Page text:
DES MOINES, Iowa -- The National Weather Service's first flood outlook of the season has concerns for Central and Eastern Iowa.
"As we get into the later parts of February and early March especially if we have slightly warmer temperatures, with the snow pack of 10 inches and the water equivalent of about two inches that all is eventually going to be running off into the rivers," says National Weather Service Meteorologist Alex Krull.
He says any more snow before spring could increase the potential for flooding.
"If melting of the current snowpack is very gradual, and that water has time to move downstream all the way to the Gulf of Mexico, we won't have all the flooding issues. If we have a lot of snow on the ground, then get a sudden warming, followed by heavy rainfall--that could augment potential flooding problems," Krull says.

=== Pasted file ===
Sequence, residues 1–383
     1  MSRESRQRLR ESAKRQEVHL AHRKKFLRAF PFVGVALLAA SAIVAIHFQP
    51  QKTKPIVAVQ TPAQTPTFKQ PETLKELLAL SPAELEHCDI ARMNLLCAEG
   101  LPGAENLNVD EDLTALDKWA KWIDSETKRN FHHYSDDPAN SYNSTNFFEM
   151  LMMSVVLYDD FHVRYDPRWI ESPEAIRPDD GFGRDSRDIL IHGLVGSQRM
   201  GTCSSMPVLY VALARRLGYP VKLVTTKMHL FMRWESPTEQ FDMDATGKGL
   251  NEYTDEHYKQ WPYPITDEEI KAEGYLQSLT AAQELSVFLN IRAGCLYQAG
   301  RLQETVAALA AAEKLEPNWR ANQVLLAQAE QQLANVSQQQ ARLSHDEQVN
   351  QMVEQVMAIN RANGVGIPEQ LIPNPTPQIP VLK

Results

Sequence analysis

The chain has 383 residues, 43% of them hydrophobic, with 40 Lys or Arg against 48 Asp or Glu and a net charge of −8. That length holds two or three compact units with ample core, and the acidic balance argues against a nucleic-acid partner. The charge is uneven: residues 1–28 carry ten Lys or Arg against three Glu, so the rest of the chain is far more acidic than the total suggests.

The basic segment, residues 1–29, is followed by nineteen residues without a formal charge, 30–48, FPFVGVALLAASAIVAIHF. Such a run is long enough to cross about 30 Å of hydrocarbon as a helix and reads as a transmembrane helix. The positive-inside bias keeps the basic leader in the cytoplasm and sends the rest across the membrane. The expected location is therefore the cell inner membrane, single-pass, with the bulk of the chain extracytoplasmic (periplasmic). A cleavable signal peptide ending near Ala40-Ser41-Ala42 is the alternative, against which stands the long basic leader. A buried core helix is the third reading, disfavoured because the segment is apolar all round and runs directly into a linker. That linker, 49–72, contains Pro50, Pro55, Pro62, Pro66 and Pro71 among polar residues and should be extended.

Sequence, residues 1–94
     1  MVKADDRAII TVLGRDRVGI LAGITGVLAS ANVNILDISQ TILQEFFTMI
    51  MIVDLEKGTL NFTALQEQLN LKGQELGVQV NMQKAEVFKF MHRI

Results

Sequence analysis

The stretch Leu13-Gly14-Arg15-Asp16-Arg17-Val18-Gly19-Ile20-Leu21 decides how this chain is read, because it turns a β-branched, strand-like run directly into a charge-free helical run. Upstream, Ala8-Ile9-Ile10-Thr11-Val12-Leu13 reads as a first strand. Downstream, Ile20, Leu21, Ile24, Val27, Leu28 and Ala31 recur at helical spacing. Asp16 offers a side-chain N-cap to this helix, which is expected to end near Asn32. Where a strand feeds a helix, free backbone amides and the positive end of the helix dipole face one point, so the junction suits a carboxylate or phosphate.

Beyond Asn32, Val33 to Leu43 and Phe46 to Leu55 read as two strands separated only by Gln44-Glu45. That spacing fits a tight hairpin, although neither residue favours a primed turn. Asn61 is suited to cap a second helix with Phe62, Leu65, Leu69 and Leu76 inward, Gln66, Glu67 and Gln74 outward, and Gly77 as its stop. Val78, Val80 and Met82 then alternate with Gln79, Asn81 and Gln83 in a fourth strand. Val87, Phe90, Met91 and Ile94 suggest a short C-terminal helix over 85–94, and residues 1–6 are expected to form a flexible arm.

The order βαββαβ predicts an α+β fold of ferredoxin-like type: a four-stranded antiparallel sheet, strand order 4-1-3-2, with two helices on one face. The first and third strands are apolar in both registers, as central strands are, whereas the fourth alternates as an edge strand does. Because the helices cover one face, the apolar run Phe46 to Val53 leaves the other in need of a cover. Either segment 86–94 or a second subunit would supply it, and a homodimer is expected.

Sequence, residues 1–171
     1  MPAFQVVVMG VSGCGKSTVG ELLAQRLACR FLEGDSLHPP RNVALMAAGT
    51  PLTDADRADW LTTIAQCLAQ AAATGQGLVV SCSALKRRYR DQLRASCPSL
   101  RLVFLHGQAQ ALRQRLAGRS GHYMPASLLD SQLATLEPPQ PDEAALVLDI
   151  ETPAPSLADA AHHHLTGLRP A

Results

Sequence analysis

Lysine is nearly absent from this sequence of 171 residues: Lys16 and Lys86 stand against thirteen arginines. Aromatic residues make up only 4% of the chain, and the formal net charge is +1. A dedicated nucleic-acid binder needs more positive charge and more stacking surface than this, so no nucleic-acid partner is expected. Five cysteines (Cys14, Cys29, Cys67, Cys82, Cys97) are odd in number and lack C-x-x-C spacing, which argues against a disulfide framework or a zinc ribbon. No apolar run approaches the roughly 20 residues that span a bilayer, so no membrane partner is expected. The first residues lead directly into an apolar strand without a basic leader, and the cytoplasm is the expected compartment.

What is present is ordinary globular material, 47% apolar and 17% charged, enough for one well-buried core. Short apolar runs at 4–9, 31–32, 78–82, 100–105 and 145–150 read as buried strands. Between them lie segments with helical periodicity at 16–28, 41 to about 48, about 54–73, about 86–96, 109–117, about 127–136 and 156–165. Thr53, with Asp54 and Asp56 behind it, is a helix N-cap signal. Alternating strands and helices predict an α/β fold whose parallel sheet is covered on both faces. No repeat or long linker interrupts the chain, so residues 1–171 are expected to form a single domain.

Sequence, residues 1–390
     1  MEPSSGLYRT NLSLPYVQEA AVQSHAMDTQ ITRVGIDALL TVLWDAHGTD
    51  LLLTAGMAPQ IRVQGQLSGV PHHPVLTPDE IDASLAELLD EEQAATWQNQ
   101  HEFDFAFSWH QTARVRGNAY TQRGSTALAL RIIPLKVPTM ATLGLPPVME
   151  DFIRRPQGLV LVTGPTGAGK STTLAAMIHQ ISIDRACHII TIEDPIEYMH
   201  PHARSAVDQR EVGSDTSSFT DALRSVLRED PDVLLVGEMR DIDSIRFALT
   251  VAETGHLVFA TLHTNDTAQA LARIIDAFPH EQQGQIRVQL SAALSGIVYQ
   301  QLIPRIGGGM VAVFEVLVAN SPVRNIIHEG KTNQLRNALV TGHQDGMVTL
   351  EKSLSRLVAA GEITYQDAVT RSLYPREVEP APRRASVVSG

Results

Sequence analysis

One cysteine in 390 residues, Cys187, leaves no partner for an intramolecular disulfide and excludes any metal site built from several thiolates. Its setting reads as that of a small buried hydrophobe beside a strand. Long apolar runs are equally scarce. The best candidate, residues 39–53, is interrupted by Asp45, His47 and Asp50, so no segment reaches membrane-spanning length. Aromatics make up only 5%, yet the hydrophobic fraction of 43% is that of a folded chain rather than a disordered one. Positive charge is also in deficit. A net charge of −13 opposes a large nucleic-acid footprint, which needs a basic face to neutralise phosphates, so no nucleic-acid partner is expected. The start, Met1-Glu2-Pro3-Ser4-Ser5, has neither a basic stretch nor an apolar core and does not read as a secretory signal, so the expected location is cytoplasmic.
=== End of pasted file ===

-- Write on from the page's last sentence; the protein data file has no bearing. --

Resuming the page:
He says that's what happened in 2019, when there was record flooding on the Missouri and Mississippi Rivers as they ran on either side of Iowa.
One thing that might help ease the potential for flooding--months of drought conditions in Central and Western Iowa.
"The fact that we had drought-like conditions in the fall leading into the winter will help out, especially with the snowpack that's on the ground because a lot of the river levels went down," Krull says.
He says they're also keeping an eye out for ice jams in Central and Northern Iowa as rivers start to melt in the next month.